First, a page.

Many Different Types of Biometrics
Biometric authentication, commonly known as biometrics, is the identification process involving humans and their unique traits and characteristics. Several types of biometrics are used in computer science and biology for access control and species identification. Law enforcement agencies use innovative types of biometrics for surveillance and identification of suspects. Different identifiers are used for each of the different types of biometrics. In fact, there are two main categories of identifiers: physiological identifiers and behavioral identifiers. Physiological identifiers refer to biological aspects of the body that are unique. For example, fingerprints, face recognition, hand geometry, iris recognition, DNA, and scent recognition are all physiological identifiers. Behavioral identifiers include gait, voice, and typing rhythm. The varied aspects of human physiology, behavior, and chemistry yields several types of biometrics.
The functionality of the different types of biometrics are measured by: acceptability, performance, measurability, permanence, uniqueness, and universality. Acceptability refers to the general public’s willingness to use their physiological traits for identification purposes. Measurability refers to how easy it is to acquire and numerate these specific human traits for identification. Uniqueness refers to how rare a specific pattern occurs in nature. For example, every fingerprint is unique to each individual. Permanence determines whether the trait will change over time. If fingerprints changed or evolved throughout a person’s lifetime, it will be very difficult to use it as one of the types of biometrics. Performance relates to the technology being used to collect the biometric information. Because of the large pool of human beings, it is important to use a tool that effectively quantifies unique traits. Finally, universality means that every subject should possess a specific trait in one form or the other. Because every human being has a fingerprint, fingerprinting has become one of the most widely used types of biometrics in law enforcement.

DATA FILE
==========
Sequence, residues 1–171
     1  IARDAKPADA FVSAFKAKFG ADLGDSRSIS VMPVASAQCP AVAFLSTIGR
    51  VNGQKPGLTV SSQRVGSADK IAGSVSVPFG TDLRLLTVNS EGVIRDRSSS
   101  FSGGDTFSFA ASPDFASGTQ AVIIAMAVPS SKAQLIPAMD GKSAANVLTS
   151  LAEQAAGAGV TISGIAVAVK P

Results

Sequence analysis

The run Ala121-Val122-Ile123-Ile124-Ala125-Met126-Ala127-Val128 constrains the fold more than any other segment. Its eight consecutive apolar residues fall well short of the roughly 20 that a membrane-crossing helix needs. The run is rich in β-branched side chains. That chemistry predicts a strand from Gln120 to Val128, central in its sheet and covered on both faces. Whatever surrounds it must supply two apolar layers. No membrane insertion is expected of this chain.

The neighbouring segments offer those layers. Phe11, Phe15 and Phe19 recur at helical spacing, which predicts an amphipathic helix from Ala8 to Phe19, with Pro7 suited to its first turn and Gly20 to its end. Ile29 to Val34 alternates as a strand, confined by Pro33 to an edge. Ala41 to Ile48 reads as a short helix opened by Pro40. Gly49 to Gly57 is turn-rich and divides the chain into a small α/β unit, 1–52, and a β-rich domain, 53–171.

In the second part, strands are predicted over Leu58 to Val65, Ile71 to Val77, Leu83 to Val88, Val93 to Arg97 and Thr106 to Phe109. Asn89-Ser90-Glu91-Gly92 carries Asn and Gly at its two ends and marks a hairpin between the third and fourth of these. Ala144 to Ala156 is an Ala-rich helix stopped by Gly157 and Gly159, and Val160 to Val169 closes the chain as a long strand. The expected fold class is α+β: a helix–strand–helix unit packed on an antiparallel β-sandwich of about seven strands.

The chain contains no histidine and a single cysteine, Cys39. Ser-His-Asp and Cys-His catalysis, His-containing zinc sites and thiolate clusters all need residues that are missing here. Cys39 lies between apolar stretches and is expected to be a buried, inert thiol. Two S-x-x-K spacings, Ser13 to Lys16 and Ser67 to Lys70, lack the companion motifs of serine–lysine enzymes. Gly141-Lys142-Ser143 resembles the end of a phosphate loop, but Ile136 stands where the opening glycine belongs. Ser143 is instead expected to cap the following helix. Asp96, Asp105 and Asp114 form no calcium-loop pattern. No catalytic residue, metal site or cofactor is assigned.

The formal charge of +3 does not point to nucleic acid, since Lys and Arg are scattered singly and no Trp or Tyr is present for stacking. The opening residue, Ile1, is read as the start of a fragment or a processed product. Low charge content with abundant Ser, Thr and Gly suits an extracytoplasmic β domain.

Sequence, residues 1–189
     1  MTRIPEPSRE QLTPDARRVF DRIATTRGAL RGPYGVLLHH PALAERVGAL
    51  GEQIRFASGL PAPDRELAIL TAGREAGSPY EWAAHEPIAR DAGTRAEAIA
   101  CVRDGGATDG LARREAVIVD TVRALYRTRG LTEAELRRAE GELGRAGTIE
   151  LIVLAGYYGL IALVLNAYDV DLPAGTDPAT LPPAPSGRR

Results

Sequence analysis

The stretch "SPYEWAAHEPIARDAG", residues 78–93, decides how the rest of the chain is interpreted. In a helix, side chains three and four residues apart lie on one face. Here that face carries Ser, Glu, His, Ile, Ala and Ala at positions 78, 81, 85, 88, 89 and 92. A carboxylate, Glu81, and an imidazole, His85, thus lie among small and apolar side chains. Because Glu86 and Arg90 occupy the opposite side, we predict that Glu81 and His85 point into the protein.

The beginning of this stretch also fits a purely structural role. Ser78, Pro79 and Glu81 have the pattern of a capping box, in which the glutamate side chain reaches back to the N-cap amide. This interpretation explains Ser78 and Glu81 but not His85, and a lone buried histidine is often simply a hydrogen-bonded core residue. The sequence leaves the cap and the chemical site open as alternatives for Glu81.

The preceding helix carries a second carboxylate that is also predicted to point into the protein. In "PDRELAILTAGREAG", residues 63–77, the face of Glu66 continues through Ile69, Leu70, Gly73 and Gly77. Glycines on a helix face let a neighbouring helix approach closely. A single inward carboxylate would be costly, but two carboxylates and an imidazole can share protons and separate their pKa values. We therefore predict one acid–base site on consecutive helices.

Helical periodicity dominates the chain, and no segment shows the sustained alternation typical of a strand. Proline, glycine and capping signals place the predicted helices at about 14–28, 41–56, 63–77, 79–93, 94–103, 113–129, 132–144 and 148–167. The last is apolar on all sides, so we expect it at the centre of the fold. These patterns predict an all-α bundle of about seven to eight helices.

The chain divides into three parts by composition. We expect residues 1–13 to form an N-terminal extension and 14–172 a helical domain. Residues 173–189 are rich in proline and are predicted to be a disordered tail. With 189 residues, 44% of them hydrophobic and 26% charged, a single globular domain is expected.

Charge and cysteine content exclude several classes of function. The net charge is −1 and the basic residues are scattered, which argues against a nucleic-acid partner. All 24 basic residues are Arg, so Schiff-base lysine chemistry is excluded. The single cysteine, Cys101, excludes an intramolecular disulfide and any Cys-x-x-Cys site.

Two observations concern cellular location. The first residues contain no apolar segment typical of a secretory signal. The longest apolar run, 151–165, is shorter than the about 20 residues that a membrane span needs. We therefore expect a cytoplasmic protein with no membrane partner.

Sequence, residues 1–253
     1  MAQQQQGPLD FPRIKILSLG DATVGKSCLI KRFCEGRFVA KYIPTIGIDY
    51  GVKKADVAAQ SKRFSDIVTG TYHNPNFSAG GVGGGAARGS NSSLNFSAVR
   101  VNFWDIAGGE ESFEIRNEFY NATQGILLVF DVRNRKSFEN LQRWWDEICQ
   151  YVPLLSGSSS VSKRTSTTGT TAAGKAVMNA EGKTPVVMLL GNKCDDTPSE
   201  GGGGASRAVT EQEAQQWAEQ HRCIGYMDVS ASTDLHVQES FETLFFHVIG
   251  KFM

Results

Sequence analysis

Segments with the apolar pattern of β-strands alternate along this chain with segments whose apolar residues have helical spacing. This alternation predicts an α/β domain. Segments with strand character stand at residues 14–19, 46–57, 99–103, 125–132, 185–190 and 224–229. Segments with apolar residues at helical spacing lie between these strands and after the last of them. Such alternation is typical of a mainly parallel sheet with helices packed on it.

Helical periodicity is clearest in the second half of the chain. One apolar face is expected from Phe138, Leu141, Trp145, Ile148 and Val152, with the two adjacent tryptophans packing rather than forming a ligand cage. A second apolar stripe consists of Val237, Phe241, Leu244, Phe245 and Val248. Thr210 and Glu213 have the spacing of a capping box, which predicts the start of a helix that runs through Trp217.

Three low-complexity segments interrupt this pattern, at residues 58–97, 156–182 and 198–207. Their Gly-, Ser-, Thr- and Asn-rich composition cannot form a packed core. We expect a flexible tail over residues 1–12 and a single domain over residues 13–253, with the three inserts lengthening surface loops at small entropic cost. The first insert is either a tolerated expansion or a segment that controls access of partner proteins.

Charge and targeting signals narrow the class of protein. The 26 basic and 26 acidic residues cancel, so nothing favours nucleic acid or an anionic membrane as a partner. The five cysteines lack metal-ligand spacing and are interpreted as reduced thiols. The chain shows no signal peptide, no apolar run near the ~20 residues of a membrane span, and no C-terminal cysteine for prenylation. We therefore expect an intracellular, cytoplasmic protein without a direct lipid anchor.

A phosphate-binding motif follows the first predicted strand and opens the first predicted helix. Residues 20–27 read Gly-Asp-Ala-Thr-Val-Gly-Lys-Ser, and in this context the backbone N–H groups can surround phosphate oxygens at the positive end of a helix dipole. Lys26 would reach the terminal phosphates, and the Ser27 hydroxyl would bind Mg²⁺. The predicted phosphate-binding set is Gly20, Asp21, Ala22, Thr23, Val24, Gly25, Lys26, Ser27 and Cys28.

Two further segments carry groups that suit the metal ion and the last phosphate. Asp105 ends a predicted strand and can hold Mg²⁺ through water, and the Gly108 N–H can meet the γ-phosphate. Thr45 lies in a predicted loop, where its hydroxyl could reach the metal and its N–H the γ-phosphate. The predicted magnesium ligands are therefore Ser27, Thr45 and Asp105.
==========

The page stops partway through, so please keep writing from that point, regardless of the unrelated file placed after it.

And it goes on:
Fingerprint recognition is one of the most commonly used types of biometrics. Fingerprints have always been considered an accurate identification method amongst human beings since no two fingerprints are alike. Ridge endings on a person’s fingers are used to identify each individual. When a crime is committed, law enforcement officers scan the crime scene for fingerprints and match the fingerprints with a central database. The non-evasive nature of fingerprint recognition has made it a very popular choice for biometric authentication.
Voice recognition is both a physiological and behavioral biometric authentication method. Not to be confused with speech recognition, voice recognition is a popular, low-cost method of identifying individuals. The software needed to implement voice recognition is cheap and the verification process is quick and easy. However, voice recognition is not as accurate as other methods of biometric analysis because people can purposefully alter their voices.
DNA analysis is the most accurate type of biometric authentication. Each individual has a unique DNA signature, making it almost impossible to confuse two people. Unlike voice recognition, people can’t change their DNA sequence on command. However, critics that oppose DNA sampling for biometric purposes cite privacy issues. In addition to identification, DNA can also give away genetic information like susceptibility to cancer and diabetes, which may pose a major privacy risk.
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